Sources.

[1] Calico Early Man Site. The Calico Lithic Industry. Online.
[2] Christopher Hardaker, (2009). Calico Redux: Artifacts or Geofacts?. Earthmeasure Research SCA Proceedings, Volume 22, p. 18.
[3] Leland Patterson, Louis Hoffman, Rose Marie Higginbotham and Ruth Simpson, (1987). Analysis of Lithic Flakes at the Calico Site, California. Journal of Field Archaeology Vol. 14, No. 1 (Spring, 1987), pp. 91-106
[4] Vance, Haynes, (1973). The Calico Site: Artifacts or Geofacts?Science 27 July 1973: Vol. 181 no. 4097 pp. 305-310.
[5] USGS, (2009). Changing Climates and Ancient Lakes. Online
[6] Image source. Anthro Tools: acheulian.


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4 comments:

  1. they are clearly man-made. nature does not produce stones like that. Natural stones are often rounded by rolling in a river for thousands of years or even from being in an ocean at times. They are specifically chipped into arrowhead type shapes.

    ReplyDelete
  2. Thanks for your comment. It is a pity that orthodox science does not support our point of view!
    Austin

    ReplyDelete
  3. Too bad science is burying almost as much evidence as they are excavating. If these tools were found in Africa no one would be saying nature made them.

    So there were people in America atleast 200,000 years ago. Figures. Like I always thought, Kennewick man is the tip of the ice berg.

    ReplyDelete
  4. Hello Austin

    Calico site is simply “too old for America”, for the eyes of the mainstream of archaeology,... so I think it is expected to be denied for much longer, and by any possible form.

    One of the authors mentioned in your sources, Christopher Hardaker, has also published the “Calico Lithics Photographic Project”, where he analyzes relevant aspects, related to flaking and taphonomical considerations, that suggest that at least the shown lithics, could not have been made by nature in any way.
    Refering particularly to this material, the lithic assemblage seem to me to have the following reminiscenses;
    - From the Clactonian, a particular facies of the Acheulian industry in Europe, with few handaxes and mainly based on flakes, whose earliest datings ar as old as 600 Ka. In fact, Calico flakes seem to be sensibly more rudimentary than typical Mode 3 ones (based principally on Levallois method) . Aditionally, some of the notches in them have a well defined identity in the Bordes typology, as “Clactonian “ones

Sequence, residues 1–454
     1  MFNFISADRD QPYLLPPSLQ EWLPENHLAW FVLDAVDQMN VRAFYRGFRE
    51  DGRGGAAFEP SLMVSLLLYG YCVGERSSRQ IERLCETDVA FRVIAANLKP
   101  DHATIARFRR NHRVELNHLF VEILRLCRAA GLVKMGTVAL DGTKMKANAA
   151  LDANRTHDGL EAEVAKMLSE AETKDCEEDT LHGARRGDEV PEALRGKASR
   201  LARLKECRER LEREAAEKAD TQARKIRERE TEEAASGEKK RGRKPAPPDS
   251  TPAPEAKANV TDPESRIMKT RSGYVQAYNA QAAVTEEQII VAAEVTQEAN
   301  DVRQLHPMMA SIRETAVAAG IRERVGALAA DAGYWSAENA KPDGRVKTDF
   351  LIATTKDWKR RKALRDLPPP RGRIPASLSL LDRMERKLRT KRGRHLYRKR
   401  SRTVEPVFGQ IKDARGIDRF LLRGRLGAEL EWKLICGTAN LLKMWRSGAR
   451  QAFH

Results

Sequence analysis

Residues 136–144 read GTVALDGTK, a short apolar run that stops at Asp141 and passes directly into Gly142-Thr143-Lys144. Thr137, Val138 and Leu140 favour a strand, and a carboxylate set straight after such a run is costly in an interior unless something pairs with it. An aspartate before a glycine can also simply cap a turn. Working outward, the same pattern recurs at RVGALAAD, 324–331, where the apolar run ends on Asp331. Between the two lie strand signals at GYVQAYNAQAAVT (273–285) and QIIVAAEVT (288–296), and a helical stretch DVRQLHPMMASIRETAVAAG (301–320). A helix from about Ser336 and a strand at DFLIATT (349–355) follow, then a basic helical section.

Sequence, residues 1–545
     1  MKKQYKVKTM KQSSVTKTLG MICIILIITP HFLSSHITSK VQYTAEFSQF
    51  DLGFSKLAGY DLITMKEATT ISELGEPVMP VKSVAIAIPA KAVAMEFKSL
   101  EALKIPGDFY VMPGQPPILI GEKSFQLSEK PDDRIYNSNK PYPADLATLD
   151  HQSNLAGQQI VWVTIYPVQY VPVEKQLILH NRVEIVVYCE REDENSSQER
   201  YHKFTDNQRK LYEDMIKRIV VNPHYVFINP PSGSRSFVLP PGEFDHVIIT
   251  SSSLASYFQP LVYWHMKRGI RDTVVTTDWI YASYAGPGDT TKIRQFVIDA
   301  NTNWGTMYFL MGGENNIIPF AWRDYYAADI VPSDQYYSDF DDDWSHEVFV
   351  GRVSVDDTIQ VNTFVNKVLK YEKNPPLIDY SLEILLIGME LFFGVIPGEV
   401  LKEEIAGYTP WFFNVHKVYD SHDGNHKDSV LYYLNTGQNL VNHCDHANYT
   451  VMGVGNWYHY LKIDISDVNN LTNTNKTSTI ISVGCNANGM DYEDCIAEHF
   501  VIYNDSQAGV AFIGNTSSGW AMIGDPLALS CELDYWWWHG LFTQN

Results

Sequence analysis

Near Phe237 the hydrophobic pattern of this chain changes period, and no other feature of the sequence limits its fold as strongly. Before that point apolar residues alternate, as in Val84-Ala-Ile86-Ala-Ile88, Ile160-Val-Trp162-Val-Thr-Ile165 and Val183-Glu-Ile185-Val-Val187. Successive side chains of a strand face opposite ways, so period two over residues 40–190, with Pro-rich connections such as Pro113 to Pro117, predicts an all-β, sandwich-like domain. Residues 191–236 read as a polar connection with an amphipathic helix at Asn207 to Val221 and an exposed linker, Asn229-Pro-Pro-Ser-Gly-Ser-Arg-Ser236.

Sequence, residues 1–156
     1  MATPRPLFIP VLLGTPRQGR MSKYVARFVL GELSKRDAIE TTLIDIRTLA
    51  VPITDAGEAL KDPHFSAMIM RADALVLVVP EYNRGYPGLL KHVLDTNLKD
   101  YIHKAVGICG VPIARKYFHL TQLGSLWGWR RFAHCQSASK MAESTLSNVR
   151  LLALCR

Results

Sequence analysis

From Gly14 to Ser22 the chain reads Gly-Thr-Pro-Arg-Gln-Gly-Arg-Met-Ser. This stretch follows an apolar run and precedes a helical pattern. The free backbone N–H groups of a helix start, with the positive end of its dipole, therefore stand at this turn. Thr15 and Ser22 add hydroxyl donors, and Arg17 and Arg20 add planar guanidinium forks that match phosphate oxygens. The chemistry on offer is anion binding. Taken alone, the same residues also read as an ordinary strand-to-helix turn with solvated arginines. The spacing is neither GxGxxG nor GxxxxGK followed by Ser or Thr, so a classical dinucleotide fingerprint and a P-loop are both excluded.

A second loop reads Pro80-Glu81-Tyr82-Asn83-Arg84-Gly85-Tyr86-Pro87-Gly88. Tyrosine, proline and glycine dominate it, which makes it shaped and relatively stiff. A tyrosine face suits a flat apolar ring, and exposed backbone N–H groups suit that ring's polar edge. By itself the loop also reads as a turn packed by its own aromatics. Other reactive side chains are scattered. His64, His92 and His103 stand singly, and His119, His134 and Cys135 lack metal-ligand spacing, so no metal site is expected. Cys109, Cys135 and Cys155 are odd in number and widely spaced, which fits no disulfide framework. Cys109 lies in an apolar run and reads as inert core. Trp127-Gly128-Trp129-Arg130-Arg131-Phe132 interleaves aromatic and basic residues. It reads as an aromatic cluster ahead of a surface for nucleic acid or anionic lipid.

- From the so called Denticulate Mousterian, a facies of the Mousterian present in some sites of Europe and Africa since MIS 7 (240 Ka), because of the high proportion of denticulates and notches in most of the material.
    But, what makes this assemblage somewhat enigmatic, and extremely interesting (at least for me), is the presence of blades...indicative that they applied some sort of laminar technology too... which sometimes may be considered as a sign (among others) of modern behaviour in humans.
    My opinion, as only an amateur in archaeology, is that they are real tools.
    Accordingly to the dated geological context, which seems to be undisputed, I agree with you that this site is likely to be inhabited by the last H. Erectus, coming from Asia via the Behring Strait.
    At this respect, the mean depth of this strait is about 37 m, so a minimum conservative sea level in the range of -50/-55 meters, would allow the terrestrial passing. In every Pleistocene climatic cycle, there has been several time windows (during the interstadial stages) in which this sea level requirement was complemented with the other needed requirement, a path reasonably free from ice.
    So H. Erectus could perfectly enter into America during a convenient stage, perhaps before the Illinoian (or Riss for europeans) glaciation (190- 130 Ka).
    Furthermore, if we consider that they could have had some skilling in navigation, as you suggested in other post, they could do the travel with even higher sea levels (chronologically closer to the previous interglacial period), with an inherently warmer climate, by “jumping into islands”. As the latter mentioned was the presumable way the first xenarthrans entered in North America via Panamá Strait in the Late Miocene, well before the land pass was fully consolidated,... why not consider similar possibility for humans through Behring Strait?

    It is right to say that this same reasoning could apply to H. Sapiens (or even archaic H. Sapiens) too, but only during the Wisconsin glaciation (85 – 11 Ka).


    I include the link of the referred site; (same link as in your sources, but to the home page)
    http://calico.earthmeasure.com/

    Your site is really interesting.
    Best regards
    Marcelo Bruyere, from Buenos Aires, Argentina







    ReplyDelete